CHARLESTON — Another West Virginia University presidential candidate’s failure to communicate his views on a First Amendment-related lawsuit at the institution where he was previously dean of the law school is cause for concern, says one of his former colleagues.
On March 21, the WVU presidential search committee announced it narrowed its list of candidates to three finalists. Among them is Daniel O. Bernstine, president of Portland State University in Oregon.
According to his biography on PSU’s Web site, Bernstine became president in 1997. Prior to that, Berntine was a professor of law at the University of Wisconsin-Madison from Sep. 1978 to Dec. 1984 and again from Aug. 1988 to July 1990, during which he also served as the law schools’ interim dean.
In Aug. 1990, Bernstine officially became dean, and served in that capacity until becoming PSU’s president.
It was during Berntine’s time as UW-Madison’s law school dean that restrictions the university’s board of regents placed on permissible speech became a national flashpoint in the battle of political correctness. Donald Downs, a professor political science at UW-Madison, says while Bernstine, to the best of his recollection, remained silent on the issue of speech-codes, the rest of the law school faculty was very outspoken in favor of the.
“I didn’t see Bernstine playing a major role in terms of speech-codes, but the law school was totally on board,” Downs said. “The law school committee drafted the code, and he [Bernstine] was certainly dean of the law school.”
Codes ruled unconstitutional
If anyone knows about the controversy surrounding UW’s speech-codes, it’s Downs. He literally wrote on the book on not only free-speech follies at UW, but also the University of Pennsylvania, Columbia University at the University of California-Berkeley and published it in 2005 under the title “Restoring Free-Speech and Liberty on Campus.”
According to Downs, Bernstine’s re-arrival at UW in 1988, along with the university’s board of regents’ hiring of Donna Shalala the year before as chancellor, coincided with a movement already a-foot to restrict “harmful” or “inappropriate” words. The student speech-code, Downs says, was drafted in 1988 and adopted by UW’s board in 1989.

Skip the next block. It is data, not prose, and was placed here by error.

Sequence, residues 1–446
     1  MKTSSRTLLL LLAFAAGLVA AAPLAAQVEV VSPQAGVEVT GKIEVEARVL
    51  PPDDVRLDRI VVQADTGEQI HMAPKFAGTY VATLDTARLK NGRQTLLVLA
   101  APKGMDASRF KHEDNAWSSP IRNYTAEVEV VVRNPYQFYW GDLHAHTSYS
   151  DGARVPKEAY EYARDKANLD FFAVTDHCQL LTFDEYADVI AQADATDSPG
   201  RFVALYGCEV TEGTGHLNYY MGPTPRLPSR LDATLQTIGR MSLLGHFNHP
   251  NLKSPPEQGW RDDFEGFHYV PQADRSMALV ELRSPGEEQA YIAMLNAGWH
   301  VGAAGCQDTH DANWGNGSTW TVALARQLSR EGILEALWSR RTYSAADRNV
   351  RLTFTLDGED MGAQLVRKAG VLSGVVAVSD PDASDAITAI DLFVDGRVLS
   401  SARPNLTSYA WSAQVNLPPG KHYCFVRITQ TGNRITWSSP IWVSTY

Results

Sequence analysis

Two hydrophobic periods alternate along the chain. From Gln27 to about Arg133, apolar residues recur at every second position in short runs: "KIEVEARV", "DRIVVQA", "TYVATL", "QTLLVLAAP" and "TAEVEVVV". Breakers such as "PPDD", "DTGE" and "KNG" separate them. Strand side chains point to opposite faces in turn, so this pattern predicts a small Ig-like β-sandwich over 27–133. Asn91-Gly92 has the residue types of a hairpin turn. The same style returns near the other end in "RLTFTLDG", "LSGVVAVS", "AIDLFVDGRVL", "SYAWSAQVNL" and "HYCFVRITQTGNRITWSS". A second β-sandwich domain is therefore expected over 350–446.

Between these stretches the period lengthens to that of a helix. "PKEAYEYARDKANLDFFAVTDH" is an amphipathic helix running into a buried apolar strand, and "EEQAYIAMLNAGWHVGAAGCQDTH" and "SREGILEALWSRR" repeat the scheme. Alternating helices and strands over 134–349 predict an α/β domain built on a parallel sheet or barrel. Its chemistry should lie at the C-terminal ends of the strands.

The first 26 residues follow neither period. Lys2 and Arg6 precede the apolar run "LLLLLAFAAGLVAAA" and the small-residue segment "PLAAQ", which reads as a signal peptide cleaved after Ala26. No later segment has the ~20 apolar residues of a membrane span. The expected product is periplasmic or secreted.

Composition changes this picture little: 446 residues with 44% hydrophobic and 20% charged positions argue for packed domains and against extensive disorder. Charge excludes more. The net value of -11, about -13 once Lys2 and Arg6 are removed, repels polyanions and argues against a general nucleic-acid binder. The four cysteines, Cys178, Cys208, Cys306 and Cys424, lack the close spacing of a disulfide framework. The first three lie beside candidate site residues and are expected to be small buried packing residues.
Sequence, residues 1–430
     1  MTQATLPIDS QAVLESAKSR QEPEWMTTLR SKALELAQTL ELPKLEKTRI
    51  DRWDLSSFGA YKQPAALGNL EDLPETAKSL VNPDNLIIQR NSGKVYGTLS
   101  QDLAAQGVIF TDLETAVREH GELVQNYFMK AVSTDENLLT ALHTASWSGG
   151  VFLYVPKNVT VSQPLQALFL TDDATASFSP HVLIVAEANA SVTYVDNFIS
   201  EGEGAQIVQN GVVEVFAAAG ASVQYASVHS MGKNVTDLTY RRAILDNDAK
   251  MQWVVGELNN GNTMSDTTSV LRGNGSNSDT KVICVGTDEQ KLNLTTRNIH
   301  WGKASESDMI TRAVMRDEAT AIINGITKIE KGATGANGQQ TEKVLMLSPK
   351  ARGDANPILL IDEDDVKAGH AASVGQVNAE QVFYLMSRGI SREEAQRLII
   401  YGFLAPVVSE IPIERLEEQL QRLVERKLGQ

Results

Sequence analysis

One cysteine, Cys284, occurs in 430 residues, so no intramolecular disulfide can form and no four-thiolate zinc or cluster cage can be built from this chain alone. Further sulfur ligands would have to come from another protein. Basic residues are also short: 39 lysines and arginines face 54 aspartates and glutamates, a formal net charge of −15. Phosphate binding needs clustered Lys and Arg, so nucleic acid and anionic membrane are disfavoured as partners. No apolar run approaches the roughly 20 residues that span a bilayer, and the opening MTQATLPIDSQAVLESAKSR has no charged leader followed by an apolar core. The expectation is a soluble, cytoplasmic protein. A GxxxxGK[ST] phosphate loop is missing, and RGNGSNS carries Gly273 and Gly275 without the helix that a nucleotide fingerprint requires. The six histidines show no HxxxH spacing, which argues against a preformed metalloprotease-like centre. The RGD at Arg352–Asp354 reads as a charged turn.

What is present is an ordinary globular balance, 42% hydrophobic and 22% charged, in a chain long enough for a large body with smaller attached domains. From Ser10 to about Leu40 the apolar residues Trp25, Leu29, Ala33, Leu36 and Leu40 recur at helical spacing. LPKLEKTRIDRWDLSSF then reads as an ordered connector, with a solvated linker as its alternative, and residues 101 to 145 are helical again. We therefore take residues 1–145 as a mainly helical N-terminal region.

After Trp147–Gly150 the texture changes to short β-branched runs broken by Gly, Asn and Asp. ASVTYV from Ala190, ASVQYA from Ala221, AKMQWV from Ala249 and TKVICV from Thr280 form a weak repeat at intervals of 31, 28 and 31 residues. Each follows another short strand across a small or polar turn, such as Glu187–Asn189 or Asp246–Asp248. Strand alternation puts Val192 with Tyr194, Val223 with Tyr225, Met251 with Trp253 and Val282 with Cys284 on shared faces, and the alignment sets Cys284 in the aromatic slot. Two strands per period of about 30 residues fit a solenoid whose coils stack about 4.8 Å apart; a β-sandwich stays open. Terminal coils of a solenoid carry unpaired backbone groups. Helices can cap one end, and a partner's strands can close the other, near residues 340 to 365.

The faculty speech-code was later adopted by a vote of the faulty senate. That code, Downs said applied only to UW-Madison faculty while the student code was enforced at all 26 campuses in the university system.
Two years after it was approved, the student code was ruled unconstitutional by U.S. District Senior Judge Robert W. Warren in Milwaukee. According to court records, in ruling on the case of UWM Post, Inc., et al. v. Board of Regents of the University of Wisconsin System, Warren found that the board’s definition of harmful speech was vague, and not only prohibited it from further enforcing the code, but also ordered the action it took in one student’s case to be vacated.
After the code was ruled unconstitutional, Downs said the board with the aid of the UW law school set about to rewrite a code that was more narrowly tailored. However, those plans where shelved in 1992 when the U.S. Supreme Court in the case of R.A.V. v. City of St. Paul ruled unanimously that St. Paul, Minnesota’s ordinance criminalizing the placement of a symbol on public or private property that arouses anger in others on the basis of race, color, creed, religion or gender was unconstitutional.
An ‘acceptable exception’
Though the law school played a large role in crafting the codes, Downs said most law school faculty were not “wide-eyed, anti-free-speech radicals.” Instead, much like Bernstine, and even Shalala were “trying to find the right balance.”
“They felt there could be an acceptable exception carved out,” Downs said.
However, Downs said that as speech codes on other campuses were successfully challenged in the courts, the prospect of finding that “acceptable exception” grew dim. That, coupled with the education they received from their students about being treated like children, forced many faculty to rethink their position on vesting power in the administration to restrict speech.
One law school professor who help craft the student and faculty codes, Gordon Baldwin, switched sides and worked with Downs’ Committee for Academic Freedom and Rights to abolish the UW-Madison faculty speech-code. That happened in 1999 with a vote of the faculty senate, Downs said.
Though careful to draw conclusions on how free-speech would fare at WVU under a Bernstine administration, Downs said he hopes Bernstine will articulate his views during his visit to Morgantown April 2-3.
Ironically, Bernstine, a Berkeley, Calif.-native graduated from there in 1969 during the height of the Free-Speech Movement.
“It’s a concern for me that a person at a law school doesn’t take a strong stance on free-speech,” Downs said.
Attempts to reach Bernstine for a comment were unsuccessful as a woman who answered the telephone at his office in Portland said he was currently out of the country until the end of the month. He plans to return stateside for his visit to Morgantown before returning to Portland, she said.